Follow the family: On the trail of Bo Xilai 1

Hong Kong-based Next magazine followed the trail of corruption left by the recently disgraced Chinese Communist party official Bo Xilai and his glamorous wife, who has been implicated in the alleged murder of the U.K. businessman Neil Heywood.

No recent political scandal has been more riveting than the one that has been swirling around Bo Xilai, the recently purged Chinese Communist Party official now in the international spotlight.

As most of the media focused on Bo’s precipitous fall from grace and its implications on the Party leadership, a feisty Hong Kong magazine began sniffing the corruption trail. In two weeks of intense reporting, the Hong Kong-based, Chinese-language Next Magazine uncovered previously unknown business dealings by Bo and his glamorous wife.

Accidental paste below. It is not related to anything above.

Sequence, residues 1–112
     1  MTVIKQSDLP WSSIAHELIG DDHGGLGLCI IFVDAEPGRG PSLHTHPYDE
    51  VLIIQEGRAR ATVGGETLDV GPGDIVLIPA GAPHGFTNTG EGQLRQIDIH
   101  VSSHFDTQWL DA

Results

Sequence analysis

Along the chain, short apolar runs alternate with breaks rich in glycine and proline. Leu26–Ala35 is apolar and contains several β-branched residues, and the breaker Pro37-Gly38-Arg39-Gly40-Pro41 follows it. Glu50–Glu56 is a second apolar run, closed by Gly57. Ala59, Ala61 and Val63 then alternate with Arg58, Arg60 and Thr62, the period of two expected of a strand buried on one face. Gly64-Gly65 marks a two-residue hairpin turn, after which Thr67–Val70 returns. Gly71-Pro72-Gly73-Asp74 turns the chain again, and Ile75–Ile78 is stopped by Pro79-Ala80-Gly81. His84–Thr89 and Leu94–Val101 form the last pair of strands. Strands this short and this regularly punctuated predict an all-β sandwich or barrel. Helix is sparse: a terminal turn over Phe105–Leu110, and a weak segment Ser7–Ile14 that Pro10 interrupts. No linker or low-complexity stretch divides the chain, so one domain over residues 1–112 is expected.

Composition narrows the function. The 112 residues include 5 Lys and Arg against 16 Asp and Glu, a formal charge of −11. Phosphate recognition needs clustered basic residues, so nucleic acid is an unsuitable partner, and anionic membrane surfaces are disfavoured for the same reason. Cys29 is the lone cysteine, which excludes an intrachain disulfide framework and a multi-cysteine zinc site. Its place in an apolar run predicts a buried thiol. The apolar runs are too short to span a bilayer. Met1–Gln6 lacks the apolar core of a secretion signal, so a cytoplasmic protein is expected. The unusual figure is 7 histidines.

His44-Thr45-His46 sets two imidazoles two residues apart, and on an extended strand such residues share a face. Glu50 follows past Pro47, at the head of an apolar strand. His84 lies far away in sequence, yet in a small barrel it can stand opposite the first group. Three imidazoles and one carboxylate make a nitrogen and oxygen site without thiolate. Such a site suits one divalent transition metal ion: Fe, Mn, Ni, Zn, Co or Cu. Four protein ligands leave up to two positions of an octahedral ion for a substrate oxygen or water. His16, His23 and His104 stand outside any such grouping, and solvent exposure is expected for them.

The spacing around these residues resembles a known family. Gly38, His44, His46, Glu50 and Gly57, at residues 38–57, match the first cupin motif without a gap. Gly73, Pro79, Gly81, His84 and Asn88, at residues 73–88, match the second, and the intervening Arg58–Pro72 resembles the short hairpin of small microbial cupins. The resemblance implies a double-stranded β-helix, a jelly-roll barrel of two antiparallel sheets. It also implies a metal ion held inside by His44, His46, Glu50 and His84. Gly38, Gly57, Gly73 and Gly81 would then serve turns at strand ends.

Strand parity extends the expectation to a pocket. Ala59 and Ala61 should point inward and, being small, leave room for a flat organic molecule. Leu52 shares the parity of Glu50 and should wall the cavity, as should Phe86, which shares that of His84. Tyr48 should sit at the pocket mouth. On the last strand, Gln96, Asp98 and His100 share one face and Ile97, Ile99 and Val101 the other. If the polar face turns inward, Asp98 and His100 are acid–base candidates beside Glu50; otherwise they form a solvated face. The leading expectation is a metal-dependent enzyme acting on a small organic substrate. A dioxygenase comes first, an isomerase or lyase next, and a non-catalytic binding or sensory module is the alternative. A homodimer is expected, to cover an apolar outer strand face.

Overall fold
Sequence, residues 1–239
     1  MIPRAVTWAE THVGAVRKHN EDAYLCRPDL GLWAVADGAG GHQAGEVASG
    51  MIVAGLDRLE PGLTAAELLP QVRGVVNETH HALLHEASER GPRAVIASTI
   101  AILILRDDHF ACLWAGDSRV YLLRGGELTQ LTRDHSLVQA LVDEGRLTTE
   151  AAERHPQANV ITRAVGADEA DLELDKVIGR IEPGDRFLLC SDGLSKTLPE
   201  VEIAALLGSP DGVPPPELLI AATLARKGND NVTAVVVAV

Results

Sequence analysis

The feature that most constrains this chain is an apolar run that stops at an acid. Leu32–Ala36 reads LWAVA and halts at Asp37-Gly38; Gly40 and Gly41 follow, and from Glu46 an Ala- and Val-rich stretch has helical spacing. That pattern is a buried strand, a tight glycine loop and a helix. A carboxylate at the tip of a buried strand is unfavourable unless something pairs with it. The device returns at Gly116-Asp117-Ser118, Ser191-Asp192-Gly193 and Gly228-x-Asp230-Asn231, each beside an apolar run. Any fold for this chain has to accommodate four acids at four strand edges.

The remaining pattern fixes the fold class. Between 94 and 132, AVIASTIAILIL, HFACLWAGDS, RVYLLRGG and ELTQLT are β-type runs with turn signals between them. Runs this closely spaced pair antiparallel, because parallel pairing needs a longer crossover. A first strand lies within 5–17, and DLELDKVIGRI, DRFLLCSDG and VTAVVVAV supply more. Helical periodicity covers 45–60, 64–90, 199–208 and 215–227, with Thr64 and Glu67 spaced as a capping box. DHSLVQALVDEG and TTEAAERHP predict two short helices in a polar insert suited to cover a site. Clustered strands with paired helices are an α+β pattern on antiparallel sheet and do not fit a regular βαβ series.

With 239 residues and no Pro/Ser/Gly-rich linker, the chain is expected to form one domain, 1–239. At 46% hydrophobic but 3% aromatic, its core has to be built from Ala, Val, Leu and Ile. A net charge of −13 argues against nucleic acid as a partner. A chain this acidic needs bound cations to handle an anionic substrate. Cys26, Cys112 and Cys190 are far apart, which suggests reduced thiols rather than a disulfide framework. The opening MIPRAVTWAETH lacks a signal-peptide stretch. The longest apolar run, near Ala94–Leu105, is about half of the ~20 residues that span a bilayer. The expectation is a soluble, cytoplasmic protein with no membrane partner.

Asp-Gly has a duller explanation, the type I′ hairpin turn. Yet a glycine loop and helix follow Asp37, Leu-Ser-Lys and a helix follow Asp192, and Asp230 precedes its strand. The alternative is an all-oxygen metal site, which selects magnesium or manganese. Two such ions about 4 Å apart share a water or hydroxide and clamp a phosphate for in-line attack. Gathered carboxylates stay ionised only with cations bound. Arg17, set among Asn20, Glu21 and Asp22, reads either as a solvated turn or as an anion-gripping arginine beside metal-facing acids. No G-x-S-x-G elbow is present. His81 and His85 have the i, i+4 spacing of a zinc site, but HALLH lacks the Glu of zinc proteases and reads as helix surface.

In subsequent weeks, reporters at the Wall Street Journal, the New York Times and Bloomberg, would be on that trail, too, trolling public records databases around the world to piece together information about the couple, information that in the pre-digital days would have been difficult to find.

This is the new era of investigative reporting. Governments and companies are publishing increasing amounts of information online – yes, even in China. And the ability to find and mine that information is now an essential part of any journalist’s toolkit. Read the rest of this entry »

Advertisements